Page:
Thursday 7 May 2020

Soil Test

    I have been gardening for 40 years, and have tried to do everything in the right way, so it is embarrassing to admit that during all that time I have never done one of the most basic things needed for a successful garden:  a soil test.
    We are blessed with very rich soil in our garden, so things always did well, but if you is going to go to take all that time and trouble to grow their food, you might as well be a bit scientific about it and check your soil to see if it has everything a plant needs to thrive.  For years, we had a soil test kit kicking around, but I never got around to using it, and after all those years it got put away somewhere and was never seen again.  This year my wife ordered a new one, and I actually made myself use it.  
    I felt like a scientist, collecting soil samples, adding water, and then the powdered chemicals that came in little capsules.  The kit was all color-coded to make our new kit, both exciting to look at and the results easy to read.  In the photo you can see the results we got from the soil in our greenhouse.
    The green vial shows our soil PH which seems to be 6.5 (slightly acid) tomatoes like soil that is a bit alkaline, so I am going to add some agricultural lime to the soil.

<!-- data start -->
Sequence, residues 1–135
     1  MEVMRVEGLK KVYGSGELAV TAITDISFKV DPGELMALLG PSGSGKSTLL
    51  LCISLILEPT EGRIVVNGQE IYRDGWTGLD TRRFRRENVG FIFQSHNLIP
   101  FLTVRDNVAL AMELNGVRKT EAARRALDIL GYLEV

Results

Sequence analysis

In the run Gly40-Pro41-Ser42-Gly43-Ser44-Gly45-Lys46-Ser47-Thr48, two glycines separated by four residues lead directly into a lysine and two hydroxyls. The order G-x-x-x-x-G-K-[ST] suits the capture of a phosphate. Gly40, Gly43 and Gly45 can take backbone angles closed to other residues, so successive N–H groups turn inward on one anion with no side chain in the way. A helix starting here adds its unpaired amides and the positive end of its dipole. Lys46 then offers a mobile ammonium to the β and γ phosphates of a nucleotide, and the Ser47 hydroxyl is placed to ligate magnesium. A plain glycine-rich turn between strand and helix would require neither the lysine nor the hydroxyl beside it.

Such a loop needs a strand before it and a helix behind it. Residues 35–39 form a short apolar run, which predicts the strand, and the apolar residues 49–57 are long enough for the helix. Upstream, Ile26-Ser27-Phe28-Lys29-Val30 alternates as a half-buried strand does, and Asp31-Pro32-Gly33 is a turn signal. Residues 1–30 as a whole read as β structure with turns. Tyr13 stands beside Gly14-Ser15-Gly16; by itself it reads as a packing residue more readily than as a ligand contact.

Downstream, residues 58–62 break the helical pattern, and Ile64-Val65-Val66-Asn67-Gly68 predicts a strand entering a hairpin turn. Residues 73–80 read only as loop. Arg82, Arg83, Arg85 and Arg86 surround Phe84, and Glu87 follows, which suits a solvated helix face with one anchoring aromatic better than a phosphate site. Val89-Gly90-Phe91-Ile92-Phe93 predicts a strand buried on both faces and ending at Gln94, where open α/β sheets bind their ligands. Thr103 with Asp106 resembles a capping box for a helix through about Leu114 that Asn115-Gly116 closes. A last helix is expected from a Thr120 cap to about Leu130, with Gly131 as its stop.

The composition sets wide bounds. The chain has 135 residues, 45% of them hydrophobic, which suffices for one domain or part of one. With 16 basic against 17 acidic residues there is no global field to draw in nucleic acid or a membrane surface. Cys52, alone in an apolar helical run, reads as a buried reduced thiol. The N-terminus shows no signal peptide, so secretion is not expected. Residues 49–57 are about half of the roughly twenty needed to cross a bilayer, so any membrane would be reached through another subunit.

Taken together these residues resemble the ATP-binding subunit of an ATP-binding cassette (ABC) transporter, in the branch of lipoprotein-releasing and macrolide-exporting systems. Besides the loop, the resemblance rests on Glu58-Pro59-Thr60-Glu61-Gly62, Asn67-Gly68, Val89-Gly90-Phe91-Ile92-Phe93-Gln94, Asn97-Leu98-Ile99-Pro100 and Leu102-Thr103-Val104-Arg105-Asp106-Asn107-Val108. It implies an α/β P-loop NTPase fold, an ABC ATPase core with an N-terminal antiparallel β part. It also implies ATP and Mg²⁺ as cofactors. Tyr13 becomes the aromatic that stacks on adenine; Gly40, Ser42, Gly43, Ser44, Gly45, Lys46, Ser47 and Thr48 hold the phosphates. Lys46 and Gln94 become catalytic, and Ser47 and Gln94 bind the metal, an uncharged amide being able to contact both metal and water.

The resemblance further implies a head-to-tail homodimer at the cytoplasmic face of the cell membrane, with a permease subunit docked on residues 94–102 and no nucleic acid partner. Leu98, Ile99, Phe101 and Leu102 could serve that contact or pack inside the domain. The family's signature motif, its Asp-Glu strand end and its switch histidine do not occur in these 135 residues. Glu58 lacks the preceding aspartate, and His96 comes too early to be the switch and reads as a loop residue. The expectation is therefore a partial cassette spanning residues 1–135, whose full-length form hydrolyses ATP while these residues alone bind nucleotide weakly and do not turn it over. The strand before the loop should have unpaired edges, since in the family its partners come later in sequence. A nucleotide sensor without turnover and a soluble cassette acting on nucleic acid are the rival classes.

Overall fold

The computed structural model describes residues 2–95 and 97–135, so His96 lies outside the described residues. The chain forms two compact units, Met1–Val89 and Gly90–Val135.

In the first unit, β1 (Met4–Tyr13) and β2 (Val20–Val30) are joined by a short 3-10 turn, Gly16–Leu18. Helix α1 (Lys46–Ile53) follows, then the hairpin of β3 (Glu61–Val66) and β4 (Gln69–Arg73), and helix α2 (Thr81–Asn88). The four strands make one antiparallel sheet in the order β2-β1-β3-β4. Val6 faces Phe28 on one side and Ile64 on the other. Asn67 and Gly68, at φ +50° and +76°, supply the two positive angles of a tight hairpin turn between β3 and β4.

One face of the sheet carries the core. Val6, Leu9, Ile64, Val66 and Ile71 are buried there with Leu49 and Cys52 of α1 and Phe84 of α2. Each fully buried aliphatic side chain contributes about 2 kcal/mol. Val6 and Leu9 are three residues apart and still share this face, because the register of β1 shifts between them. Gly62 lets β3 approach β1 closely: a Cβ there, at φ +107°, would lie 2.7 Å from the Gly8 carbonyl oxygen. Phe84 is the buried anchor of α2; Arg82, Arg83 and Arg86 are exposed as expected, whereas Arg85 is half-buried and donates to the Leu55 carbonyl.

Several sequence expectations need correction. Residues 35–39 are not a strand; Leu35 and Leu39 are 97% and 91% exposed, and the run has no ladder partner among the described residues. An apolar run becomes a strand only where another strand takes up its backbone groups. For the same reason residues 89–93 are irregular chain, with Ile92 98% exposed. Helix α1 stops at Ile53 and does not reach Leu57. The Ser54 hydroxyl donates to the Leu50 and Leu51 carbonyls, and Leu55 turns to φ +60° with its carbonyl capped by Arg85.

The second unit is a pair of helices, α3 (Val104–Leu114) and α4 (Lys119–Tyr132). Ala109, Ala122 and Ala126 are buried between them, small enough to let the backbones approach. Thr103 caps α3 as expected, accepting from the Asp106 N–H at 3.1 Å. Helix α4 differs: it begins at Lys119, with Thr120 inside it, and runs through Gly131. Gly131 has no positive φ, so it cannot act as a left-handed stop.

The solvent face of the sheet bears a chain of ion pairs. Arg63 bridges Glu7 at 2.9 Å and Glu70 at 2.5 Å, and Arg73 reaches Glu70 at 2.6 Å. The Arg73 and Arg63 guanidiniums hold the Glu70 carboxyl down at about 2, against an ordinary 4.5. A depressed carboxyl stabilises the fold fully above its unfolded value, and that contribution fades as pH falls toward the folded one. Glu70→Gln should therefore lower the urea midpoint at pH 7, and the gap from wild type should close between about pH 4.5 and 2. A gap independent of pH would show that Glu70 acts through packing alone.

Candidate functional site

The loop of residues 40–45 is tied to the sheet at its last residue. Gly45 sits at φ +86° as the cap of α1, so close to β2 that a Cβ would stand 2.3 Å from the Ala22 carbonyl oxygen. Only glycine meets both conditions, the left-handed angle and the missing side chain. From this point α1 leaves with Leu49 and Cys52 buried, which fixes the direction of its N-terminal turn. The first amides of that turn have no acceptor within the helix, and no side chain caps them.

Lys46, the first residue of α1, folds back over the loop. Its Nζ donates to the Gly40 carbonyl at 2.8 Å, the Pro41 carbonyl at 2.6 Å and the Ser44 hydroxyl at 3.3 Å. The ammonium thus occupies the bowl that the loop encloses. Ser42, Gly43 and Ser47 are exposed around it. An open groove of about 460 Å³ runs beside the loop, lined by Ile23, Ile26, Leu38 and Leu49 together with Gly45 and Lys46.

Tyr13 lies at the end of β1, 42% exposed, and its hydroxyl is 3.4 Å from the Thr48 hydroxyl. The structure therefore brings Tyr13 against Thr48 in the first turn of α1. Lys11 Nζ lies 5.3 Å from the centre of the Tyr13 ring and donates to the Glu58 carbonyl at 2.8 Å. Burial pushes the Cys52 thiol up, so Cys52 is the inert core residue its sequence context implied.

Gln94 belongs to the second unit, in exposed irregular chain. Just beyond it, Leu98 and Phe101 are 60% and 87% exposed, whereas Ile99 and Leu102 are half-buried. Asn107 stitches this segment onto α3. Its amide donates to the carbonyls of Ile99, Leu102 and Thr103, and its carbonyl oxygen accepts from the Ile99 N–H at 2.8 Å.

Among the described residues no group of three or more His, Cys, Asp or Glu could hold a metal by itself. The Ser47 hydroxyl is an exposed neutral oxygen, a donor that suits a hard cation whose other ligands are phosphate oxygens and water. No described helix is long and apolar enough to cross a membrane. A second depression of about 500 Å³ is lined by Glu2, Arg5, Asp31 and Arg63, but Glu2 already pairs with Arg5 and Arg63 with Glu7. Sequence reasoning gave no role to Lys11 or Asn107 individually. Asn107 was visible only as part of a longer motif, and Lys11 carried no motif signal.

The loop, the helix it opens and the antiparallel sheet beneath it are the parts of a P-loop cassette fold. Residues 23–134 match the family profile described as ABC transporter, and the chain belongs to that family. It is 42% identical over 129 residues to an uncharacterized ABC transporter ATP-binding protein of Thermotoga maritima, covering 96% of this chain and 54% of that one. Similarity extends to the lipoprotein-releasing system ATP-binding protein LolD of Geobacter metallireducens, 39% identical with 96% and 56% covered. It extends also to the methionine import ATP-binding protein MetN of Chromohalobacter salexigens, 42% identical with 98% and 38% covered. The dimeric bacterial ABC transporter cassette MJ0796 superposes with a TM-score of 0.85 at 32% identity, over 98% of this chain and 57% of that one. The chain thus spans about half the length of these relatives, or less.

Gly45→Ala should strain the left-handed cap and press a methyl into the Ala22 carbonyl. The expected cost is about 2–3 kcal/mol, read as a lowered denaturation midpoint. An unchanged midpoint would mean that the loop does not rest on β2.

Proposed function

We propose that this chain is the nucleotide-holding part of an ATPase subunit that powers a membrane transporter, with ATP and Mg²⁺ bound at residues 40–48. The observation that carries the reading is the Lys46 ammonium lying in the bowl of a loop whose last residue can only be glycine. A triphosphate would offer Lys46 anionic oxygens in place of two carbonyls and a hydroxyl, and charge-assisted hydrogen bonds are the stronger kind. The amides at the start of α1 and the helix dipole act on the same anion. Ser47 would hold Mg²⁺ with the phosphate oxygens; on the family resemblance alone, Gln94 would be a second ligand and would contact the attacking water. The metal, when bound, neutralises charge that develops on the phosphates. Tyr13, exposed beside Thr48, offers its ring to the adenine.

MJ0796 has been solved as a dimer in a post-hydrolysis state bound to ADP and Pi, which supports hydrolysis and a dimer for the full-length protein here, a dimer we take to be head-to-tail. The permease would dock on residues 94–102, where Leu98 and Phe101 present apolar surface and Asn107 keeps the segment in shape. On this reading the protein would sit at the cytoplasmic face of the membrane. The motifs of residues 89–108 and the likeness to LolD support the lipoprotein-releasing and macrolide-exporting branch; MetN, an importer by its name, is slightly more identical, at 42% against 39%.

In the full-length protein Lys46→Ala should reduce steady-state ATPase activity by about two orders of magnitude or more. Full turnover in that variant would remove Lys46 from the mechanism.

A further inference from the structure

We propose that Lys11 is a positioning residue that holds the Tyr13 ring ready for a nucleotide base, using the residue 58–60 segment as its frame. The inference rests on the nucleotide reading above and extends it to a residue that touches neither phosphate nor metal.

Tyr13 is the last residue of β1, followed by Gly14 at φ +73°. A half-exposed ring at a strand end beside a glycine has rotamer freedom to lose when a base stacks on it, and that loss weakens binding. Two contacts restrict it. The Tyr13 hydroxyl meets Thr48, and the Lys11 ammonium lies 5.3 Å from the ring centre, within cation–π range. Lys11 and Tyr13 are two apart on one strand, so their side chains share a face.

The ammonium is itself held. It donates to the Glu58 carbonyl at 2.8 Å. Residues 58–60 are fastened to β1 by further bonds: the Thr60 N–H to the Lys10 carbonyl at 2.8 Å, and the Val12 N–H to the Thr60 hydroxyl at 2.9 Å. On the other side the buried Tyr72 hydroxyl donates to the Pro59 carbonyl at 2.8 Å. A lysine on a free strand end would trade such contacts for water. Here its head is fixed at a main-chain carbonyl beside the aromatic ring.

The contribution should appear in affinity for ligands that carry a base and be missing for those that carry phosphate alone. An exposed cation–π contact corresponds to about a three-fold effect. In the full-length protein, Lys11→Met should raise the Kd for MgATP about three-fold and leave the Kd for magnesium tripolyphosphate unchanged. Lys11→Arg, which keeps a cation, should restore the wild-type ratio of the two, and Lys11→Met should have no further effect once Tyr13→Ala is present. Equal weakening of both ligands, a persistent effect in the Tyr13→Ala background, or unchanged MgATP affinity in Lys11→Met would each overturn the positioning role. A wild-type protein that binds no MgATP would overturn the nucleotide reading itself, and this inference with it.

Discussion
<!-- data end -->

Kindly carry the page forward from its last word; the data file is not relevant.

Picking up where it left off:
The pink vial shows Nitrogen and as you can see by the deep reddish-pink color, my soil has plenty of that.  The orange vial is for potash, and again the color shows that element to be “Sufficient”.   What my soil really lacks is indicated in the blue vial.  It shows that the Phosphorus in my greenhouse is depleted.  Yikes, that’s not good.  Plants need Phosphorus to get the flowers that turn into fruit to grow.
    Yesterday after I did the soil test, I dropped into the hardware store and bought some bone meal.  That is one way you can add Phosphorus to the soil.  I sprinkled some bone meal into each hole before I planted the tomato plant.  I also added a bit of agricultural lime to make the soil more alkaline.     Hopefully I am going to see more and better tomatoes this year.

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